Carly: I wish there was just a switch I could flip that would allow me to accept myself the way I am, and truly put others first.
Mimi: When we are younger we think we are a) immortal and b) that every bad thing can be fixed. But when you’ve “had a lot of birthdays,” as Ned’s doctor barfingly says (anything to avoid saying “old”), the word “acceptance” gradually nudges out the word “optimism.” And acceptance is one of the hardest things to accept.
Carly: Then how do you ultimately accept it?
Mimi: Many bad, ongoing situations will never go away. So what one learns, instead of a solution or a cure, is to talk of management, which sounds as if you’re doing something. We learn to manage our asthma, ADD, eye disease, partner’s snoring, whatever. “Make the best of it” is a phrase I hate, because it’s basically meaningless. You can, however, learn to deliberately inject some positive thoughts or distractions that truly will make you less gloomy. The brain is like an ATM machine where you can make deposits and withdrawals. There’s a little slot that says “Insert Thought Here.” You can then feel pleased when you have improved your personal account. In other words, make the best of a bad situation if you can’t change it. So you see… I’m a Living Cliche!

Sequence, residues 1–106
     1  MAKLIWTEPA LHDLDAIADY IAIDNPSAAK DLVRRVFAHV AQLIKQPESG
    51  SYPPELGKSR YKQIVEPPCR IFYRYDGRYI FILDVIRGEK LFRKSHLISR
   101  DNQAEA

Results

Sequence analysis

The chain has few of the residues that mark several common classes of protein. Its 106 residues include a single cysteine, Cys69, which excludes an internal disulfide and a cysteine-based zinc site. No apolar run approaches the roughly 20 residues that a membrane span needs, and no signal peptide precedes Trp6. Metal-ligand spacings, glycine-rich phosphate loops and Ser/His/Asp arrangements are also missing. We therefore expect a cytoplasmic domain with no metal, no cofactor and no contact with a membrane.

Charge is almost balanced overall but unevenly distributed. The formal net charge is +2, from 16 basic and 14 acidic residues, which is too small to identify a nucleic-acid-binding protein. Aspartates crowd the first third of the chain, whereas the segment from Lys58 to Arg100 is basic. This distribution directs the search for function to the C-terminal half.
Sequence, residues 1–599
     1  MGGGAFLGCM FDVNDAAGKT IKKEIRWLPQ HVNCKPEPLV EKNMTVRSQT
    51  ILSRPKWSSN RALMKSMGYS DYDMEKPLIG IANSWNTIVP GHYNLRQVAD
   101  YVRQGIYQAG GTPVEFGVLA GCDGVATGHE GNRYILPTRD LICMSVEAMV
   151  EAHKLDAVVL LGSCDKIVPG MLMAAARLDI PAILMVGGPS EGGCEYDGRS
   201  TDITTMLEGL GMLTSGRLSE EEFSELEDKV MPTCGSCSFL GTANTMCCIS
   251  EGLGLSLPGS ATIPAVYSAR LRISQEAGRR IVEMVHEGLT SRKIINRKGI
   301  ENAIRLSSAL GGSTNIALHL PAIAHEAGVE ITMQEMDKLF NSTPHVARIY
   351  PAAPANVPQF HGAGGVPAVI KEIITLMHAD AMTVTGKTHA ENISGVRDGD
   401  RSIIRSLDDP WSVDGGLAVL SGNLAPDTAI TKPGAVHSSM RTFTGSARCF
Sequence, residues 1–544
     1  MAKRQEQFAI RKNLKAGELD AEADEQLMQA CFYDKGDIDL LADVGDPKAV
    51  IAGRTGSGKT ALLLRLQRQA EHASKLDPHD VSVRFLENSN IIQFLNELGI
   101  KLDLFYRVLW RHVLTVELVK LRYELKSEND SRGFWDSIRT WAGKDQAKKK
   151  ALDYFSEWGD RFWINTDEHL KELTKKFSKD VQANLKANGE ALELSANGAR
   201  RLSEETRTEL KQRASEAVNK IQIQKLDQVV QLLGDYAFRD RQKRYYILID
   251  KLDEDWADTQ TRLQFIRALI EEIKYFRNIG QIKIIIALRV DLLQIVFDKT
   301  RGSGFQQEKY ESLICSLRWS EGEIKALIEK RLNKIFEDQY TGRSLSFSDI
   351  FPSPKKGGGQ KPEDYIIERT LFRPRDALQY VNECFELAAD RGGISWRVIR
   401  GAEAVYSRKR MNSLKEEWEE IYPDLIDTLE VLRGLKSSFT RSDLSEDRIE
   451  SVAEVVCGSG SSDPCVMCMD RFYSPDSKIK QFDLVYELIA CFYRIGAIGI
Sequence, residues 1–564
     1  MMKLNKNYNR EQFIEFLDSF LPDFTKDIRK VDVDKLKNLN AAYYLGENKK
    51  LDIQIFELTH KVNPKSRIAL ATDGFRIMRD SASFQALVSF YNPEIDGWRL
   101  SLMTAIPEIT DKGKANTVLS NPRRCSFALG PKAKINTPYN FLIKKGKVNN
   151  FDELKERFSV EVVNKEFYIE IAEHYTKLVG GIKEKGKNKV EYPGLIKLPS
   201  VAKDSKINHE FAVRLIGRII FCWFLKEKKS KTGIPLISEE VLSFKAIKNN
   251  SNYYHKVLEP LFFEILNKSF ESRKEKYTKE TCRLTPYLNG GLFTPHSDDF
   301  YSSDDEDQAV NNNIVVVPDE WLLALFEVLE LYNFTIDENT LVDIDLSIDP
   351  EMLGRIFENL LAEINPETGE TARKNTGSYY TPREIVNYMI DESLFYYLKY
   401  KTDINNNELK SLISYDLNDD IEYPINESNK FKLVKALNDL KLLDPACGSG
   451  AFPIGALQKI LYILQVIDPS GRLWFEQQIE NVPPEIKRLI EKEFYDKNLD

Carly: Have you accepted your own mortality?
Mimi: No, of course not. Can you imagine it yourself not existing? I follow the Welsh poet Dylan Thomas’ attitude: “Do not go gentle into that good night. Rage, rage, at the dying of the light.” I’m not really raging, but let’s say I will go kicking and screaming, at least mentally.
Carly: In the words of Uncle Jeff, you’ll outlive us all. So it doesn’t really matter.
Mimi: I’m so tired I can heardly type. See what I mean? I think I’d like to go to bed now.
Carly: On a less morbid note, I love you.
Mimi: And your Living Cliche loves you back. A whole lot. Buenas noches, Carlissima. Besos y abrazos.